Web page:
The cottage facade was removed to an Albany warehouse by state order to preserve it in 1976; a quarter-century later it was put on display at the State Museum. Only the foundation clearing remains at the site. In 1982, a nearby condominium complex proposed nearby, and approved by the city, would have cleared most of Downing's remaining landscape. A lawsuit two years later alleging an insufficient environmental impact statement was settled in 1986 with the development of the farm portion of the property, close to Route 9 and the river, while the remaining landscape donated to a newly established non-profit organization, Springside Landscape Preservation, which continues to maintain the property. It took formal title to the land in 1990.
Today, only the Carpenter Gothic gatehouse, a building not found on the original plans, survives. It has been restored to its original colors and is still used as a private residence.
Downing had become a bestselling writer by expounding on his theories of combining that which was beautiful in nature and art. The buildings at Springside, both planned and built, used consciously rustic board-and-batten siding, emphasized by some of the thousand trees he had transplanted from nearby forests. On the ground, the curving pathways follow the contours of the land beneath them and lead to scenic views, sometimes created by planting evergreens around rock outcrops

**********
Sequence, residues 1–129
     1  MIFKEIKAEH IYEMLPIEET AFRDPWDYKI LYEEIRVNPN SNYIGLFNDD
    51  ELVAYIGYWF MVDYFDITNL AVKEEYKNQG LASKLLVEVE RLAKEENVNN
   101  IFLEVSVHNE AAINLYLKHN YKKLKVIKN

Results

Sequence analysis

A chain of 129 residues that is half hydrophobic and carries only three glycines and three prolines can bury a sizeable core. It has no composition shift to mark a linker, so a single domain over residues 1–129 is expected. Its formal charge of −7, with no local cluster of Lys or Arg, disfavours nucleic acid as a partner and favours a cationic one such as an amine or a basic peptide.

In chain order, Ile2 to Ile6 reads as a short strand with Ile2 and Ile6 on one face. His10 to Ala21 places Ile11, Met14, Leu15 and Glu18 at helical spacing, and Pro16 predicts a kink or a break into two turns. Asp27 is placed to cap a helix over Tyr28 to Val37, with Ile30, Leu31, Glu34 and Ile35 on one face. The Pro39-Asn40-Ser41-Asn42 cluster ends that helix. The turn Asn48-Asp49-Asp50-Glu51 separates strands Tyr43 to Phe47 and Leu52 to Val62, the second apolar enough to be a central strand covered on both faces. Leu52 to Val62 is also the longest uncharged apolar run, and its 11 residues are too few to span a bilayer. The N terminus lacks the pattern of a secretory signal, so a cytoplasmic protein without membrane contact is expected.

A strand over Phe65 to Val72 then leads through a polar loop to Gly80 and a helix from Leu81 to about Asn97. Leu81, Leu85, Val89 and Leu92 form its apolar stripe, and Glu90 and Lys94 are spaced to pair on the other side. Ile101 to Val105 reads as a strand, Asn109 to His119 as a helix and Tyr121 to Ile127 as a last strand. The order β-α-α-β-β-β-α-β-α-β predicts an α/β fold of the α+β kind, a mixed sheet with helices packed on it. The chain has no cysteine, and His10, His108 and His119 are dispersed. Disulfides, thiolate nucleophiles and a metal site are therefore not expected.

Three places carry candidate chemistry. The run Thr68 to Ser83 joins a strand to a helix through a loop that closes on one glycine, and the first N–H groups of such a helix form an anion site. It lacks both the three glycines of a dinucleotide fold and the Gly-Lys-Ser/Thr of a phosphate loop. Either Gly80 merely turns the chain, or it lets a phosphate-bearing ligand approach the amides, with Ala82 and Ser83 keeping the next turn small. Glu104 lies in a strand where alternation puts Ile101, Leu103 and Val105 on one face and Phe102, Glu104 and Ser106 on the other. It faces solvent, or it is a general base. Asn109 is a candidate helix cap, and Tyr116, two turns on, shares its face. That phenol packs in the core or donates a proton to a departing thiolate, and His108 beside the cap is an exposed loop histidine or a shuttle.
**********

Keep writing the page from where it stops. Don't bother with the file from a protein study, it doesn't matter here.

Statuary embellishments unite the buildings and grounds, and Downing took advantage of the property's natural drainage to create streams and fountains. Above the spring that gave the property its name, later itself named Willow Spring by Vassar, he placed a statue of a dog, since replaced by one of a young maiden. Ponds, too, were created, their irregular, natural shapes accentuated by similarly-shaped islands. Many of these features that Downing pioneered were later replicated by Vaux and his fellow associate of Downing's, Frederick Law Olmsted, in their designs for Central Park and other major parks in American cities.
Today, with most of the buildings no longer extant on the site, the landscape still largely reflects Downing's original plan. Some secondary vegetation has grown in, but the pathways have been restored and many of the original trees remain.